Every now and then I forget that I can't drive. I am no longer struck by the oddness of gazing out the window and seeing only one car in our driveway. My 2007 Green Tea Honda CR-V, the first new car I ever bought, no longer feels like mine when my dad is driving me home from dinner at my parents' house. I am used to scheduling appointments and errands around the availability of others. I even enjoy the freedom to have another glass of wine after dinner, because the responsibility of driving home never falls on my shoulders.
Then I am reminded. Like, the breath has been physically sucked from my lungs, I realize that I can't drive. Because, I can't see well enough to. As much as my vision has improved, it remains full of holes. Holes that blur the details. Details like distance, speed, the color of traffic lights, the name of street signs. Details that are somewhat important to heed while driving. Weeks may go by between these realizations, but every time it feels brand new. Like I've lost my sight all over again. I've gotten used to a lot over the last year.But I will never get used to this.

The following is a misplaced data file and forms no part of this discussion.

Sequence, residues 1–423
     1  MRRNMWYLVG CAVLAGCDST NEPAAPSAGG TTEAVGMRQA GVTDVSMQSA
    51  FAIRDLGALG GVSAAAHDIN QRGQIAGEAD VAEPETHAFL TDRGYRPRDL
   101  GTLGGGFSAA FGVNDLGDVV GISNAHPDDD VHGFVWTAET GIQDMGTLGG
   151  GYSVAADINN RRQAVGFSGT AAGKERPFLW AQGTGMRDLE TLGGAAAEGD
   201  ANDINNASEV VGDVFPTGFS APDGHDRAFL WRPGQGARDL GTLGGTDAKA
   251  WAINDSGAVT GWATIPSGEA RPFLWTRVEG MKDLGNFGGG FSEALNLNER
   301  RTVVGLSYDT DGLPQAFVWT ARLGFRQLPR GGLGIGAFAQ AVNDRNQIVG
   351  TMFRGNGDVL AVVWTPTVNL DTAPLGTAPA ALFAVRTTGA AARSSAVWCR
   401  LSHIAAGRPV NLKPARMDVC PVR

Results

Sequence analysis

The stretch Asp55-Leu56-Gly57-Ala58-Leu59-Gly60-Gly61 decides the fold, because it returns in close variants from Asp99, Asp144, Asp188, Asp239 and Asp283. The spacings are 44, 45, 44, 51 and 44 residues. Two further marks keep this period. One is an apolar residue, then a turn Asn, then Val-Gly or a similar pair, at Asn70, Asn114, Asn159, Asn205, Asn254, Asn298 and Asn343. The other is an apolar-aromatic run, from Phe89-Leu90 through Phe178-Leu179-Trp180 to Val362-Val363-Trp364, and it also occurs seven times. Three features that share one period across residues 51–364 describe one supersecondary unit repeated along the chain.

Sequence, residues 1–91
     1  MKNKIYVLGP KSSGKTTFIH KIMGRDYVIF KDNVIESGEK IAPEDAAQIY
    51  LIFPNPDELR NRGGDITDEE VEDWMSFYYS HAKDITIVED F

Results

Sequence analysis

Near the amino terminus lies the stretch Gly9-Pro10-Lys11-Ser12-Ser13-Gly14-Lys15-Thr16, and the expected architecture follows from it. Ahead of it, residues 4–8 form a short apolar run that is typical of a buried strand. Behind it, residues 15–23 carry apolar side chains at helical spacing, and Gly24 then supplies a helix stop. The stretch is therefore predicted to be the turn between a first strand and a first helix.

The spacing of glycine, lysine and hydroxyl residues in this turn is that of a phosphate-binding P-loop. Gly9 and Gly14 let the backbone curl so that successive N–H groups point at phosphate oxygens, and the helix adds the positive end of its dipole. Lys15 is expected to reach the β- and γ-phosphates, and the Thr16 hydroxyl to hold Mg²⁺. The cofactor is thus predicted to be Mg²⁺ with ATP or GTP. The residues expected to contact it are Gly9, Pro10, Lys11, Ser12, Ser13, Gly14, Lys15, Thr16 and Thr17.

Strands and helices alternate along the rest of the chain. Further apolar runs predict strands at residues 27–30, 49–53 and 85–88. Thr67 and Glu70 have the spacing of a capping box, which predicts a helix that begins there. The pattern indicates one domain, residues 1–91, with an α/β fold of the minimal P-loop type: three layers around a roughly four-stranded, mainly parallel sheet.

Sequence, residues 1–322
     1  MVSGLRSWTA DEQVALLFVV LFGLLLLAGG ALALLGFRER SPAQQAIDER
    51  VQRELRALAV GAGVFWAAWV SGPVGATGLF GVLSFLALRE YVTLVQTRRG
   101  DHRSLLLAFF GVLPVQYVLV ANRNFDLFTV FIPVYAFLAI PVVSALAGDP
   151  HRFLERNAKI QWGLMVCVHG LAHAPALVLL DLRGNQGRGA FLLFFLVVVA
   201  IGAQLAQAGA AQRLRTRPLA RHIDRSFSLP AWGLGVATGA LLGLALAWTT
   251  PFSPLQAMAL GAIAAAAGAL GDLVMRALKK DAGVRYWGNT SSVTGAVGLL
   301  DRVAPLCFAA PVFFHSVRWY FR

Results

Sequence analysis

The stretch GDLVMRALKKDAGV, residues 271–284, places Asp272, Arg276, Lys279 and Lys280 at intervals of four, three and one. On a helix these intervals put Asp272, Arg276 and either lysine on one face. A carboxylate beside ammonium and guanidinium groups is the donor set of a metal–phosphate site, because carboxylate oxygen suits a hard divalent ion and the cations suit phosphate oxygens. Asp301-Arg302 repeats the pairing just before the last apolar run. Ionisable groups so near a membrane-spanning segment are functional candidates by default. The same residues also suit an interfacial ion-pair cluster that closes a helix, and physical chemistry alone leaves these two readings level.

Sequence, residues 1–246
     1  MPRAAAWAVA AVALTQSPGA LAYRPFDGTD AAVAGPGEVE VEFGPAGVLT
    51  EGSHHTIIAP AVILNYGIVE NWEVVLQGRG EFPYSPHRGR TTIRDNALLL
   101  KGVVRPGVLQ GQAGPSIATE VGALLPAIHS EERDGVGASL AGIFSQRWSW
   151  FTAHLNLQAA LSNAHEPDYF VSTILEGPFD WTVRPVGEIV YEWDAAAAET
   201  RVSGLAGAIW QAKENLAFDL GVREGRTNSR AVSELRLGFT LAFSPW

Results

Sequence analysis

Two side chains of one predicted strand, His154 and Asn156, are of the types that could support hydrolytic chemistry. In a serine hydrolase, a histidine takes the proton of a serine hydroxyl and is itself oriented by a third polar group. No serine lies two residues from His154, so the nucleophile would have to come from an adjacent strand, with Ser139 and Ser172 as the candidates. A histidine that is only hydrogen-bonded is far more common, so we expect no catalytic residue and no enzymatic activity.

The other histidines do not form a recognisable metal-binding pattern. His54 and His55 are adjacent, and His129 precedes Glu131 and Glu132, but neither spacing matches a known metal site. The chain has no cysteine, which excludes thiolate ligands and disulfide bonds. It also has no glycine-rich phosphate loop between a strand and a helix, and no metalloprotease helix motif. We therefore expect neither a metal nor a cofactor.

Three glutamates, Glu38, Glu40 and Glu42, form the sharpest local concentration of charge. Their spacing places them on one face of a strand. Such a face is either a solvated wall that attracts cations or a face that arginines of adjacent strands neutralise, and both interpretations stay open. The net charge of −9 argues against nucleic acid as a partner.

Every little thing requires planning. Planning that doesn't always come naturally to me. Impulsivity and the need to plan are always colliding in my life. I want to be prepared, know what is going to happen next, predict my next move but I like the freedom to change my mind; to decide on a whim that I am going to do THIS instead. This internal conflict makes me, me.
Not driving is by far the hardest thing about losing my vision. I want to be able to take Emy to Mommy and Me classes, to the beach, to see my grandparents. I want to be able to call friends and arrange to meet for lunch in an hour, go to grocery store when I am inspired to cook a real meal for dinner. (a VERY rare occurrence, therefore one that shouldn't be discouraged), I want to be able to take my daughter to the doctor without my husband having to take the morning off work.
I want to be free.